Tuesday, March 11, 2008

"Cost of Freedom" book tour hits the road

[Mike's notes from the road -- posted by Whitney.]

Super 8 Motel, St. Joseph, Missouri -- "What can I do for ya sweetie?"

That's the front desk person. Then she gives me the military discount just because, and brags to me about her little grandson in her arms.

That's nice for ya.

Hey, you would not believe the massive number of geese, snows, Canadians, I saw flocking together at dusk along I-29, in the fields, very cool. Lots of hawks, too, and a dead coyote. I also saw two big dogs by the side of the road, in the ditch, sitting next to what must have been an old buddy. It looked like a big spaniel of some sort, on its back, its legs frozen in the air.

Okay, Mr. Nature has to go now.

Hey, leave it to me, huh?

I had everything packed and planned, been thinking about how to do this thing for hundreds of freezing days and nights this winter.

I stopped at the 13th Street Cafe in Omaha to meet with a guy who is doing the art work for an upcoming book, get back to my car and it's locked and my key doesn't work. It works for the ignition, but not for the doors.

I knew that.

I never lock the car at home, now I get in the city and I get all like I got to lock the doors and well after thousands of days of planning I'm standing outside my car with my keys in my hand.

Anyway, I had to walk all the effing way across town carrying this heavy mo-fo bag with books and computer and special book tour stuff, to Kevin and Laura's place up on Lafayette, near the Cathedral, sweating, shoulders aching, all that I'll tell you about it when you've got more time.

I waited on their back porch for somebody to get home while the mastiff-rottweiller-pit bull-rhinoceros over in the neighbor's yard kept me firmly planted in place.

Kevin got back from his workout at the "Y" and gave me a ride back down to the Old Market and took a wire hanger to let me back into my car.

There ya go.


We went back into the 13th Street to have coffee.

A long time ago our families lived together in Omaha. We called it a resistance community, Greenfields, named after the irish anti-war song The Greenfields of France.

We went to jail, federal prison, things like that.

One million FBI agents stormed the front porch one day to take Kevin to prison. I think that time he served one year in the federal prison in downtown Chicago, for trespassing at Offutt Air Force Base, stepping over a line, a misdemeanor.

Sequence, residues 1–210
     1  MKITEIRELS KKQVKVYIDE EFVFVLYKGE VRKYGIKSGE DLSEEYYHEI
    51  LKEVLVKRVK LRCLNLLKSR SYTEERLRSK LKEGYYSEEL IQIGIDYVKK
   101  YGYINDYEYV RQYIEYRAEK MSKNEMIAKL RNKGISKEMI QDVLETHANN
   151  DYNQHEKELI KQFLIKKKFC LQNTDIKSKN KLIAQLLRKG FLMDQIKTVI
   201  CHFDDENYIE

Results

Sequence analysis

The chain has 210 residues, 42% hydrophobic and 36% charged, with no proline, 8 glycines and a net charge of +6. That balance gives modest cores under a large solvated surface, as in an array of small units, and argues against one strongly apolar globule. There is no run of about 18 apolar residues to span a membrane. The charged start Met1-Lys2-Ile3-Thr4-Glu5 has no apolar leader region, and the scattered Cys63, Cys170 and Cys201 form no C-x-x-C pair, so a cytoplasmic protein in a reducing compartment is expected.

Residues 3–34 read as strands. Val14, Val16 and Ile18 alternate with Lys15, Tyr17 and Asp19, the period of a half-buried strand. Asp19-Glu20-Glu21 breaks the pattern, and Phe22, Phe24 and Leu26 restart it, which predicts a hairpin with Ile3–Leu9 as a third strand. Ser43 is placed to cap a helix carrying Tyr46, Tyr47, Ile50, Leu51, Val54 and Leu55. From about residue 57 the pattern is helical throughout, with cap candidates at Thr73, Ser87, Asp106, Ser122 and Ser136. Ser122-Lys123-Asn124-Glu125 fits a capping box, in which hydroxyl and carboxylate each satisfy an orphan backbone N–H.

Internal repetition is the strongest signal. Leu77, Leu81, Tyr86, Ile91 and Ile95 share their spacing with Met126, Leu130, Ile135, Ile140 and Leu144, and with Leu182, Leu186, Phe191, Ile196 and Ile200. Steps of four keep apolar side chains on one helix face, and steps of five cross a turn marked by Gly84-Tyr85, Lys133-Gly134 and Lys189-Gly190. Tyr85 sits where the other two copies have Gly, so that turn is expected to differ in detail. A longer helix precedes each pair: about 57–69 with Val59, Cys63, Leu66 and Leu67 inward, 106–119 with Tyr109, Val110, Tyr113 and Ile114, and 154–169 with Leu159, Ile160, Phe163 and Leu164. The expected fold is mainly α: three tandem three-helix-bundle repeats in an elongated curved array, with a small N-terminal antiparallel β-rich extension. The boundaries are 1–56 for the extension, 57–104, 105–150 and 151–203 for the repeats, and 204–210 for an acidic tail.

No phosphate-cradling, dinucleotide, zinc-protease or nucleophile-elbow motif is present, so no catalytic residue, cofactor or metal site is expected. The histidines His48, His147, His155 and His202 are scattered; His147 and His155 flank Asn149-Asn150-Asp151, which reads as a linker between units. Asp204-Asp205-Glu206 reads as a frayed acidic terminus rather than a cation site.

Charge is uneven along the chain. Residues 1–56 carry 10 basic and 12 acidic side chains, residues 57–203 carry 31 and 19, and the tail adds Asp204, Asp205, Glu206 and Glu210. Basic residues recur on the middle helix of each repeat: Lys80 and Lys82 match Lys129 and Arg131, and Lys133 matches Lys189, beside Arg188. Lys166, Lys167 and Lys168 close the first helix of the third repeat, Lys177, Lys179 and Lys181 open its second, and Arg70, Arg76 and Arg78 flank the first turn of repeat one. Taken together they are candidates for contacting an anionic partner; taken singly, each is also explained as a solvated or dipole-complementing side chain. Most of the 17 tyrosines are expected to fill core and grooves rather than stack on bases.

For the past twenty years Kevin has been running the Dorothy Day Catholic Worker soup kitchen on the outskirts of the downtown Omaha area. Every morning he gets up at four-thirty or five to take the pickup down to make soup for a several dozen homeless men.

Kevin's a tough guy. He's an Irishman from a farm in northeast Nebraska. He worked on a fishing boat in the waters off Maine. He did a lot of construction work as well, after seminary, after Creighton law school.

During the 1980s he spent time in the Omaha and Council Bluffs county jails for civil disobedience, as well as the federal prisons at Chicago, Leavenworth, Kansas, and El Reno, Oklahoma.

And now he basically lives with the poor, every day.

Laura Loughran and Kevin McGuire have been friends of mine for a long time. I was Kevin's worst man.

"To long lives and short sentences." That was my toast at the after party.

I met them when I came to Omaha in the '80s in search of a way to "live out the gospels" is how I would put it.

They have raised three children since then, all phenomenal students and musicians. I heard today that Clare, the oldest, will graduate this spring from the University of Michigan. I remember when she was toddling around the living room with all the oldsters sitting around
planning the revolution.

It was tough as hell there for a while, living in community, fighting the government, the Omaha World-Herald, the Omaha Catholic Church, trying to keep families together, trying to keep body and soul together, in and out of jail, and all the fear and struggle and pain that goes with that. Shee-it.

And eventually we went separate ways.

Kevin and Laura didn't go that far though. They still live in North Omaha. They still work with the poor, live among the poor, every day.

That is what a Christian does.

I'm just sure of it.

I realized it as I was watching Kevin over the top of my mocha-docha-latte, listening to him catch me up on the last year or so, that's what I was seeing, someone who has fought the good fight, over the long haul.

That is just what we planned to do all those years ago.

Kevin. Dude, you did it.

Proud to know ya.

Okay, if tomorrow is Tuesday, I'll be in Tulsa.


-- Mike


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